You are correct in saying that
1 17 S
would just indicate that you have a
Cl atom but with an
NetCharge flag. If you look at SIESTA's user guide it explains what it does. However, then you'd probably be defining a periodically charged system. Does this make sense? You should read carefully the indications in the manual to know if your system fits the very specific requirements for it to work.
A more natural thing is usually to have a neutral system where your atoms get naturally charged because of the positions of their energy levels. Say if you think there's a $S^-$ in your system, there probably is a positive ion as well that is donating the charge.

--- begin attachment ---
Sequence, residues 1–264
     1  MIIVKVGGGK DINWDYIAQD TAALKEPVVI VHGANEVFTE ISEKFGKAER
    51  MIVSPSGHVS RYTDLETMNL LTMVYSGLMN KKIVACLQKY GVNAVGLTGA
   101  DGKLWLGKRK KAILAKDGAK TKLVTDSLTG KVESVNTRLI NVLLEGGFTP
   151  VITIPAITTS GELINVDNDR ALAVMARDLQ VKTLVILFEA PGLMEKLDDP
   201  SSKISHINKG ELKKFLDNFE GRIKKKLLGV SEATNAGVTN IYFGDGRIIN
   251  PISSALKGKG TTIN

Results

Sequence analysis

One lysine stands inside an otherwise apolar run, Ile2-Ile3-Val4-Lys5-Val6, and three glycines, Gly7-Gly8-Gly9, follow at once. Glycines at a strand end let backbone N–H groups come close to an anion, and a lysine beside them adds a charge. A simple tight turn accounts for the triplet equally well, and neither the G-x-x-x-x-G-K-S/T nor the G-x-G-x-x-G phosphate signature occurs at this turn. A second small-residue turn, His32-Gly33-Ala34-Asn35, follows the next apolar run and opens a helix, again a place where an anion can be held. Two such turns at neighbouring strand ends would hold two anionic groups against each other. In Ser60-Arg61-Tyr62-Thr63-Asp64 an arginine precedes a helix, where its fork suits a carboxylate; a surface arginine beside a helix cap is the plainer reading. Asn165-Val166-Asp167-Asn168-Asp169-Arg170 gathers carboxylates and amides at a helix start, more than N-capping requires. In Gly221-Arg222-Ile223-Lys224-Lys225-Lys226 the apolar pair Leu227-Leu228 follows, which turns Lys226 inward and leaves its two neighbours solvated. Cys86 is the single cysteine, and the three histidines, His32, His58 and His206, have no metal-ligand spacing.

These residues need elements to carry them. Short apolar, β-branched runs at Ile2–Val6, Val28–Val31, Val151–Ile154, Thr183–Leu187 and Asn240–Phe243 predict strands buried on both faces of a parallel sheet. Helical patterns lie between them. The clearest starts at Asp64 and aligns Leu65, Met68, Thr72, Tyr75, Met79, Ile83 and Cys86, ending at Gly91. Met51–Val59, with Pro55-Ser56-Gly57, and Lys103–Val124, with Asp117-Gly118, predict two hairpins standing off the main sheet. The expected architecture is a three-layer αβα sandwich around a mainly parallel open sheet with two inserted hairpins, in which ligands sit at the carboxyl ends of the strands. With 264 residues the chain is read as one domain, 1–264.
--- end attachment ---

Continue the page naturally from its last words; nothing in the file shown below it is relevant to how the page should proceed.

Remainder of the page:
You can then check Hirshfeld, Voronoi or Mulliken charges to understand if the atom is really getting charged. SIESTA will give you these outputs with the flags
WriteMullikenPop, respectively. You can then check your output file manually or color your structure with charge values using
sisl, for example (in python):
# Get your structure
geom = sisl.get_sile("myfile.fdf").read_geometry(output=True)
# Get the last charges from the output file
net_charges = sisl.get_sile("myfile.out").read_charge(
"hirshfeld", iscf=None, imd=None, as_dataframe=True
# And plot the structure using the net charges as the color for the atoms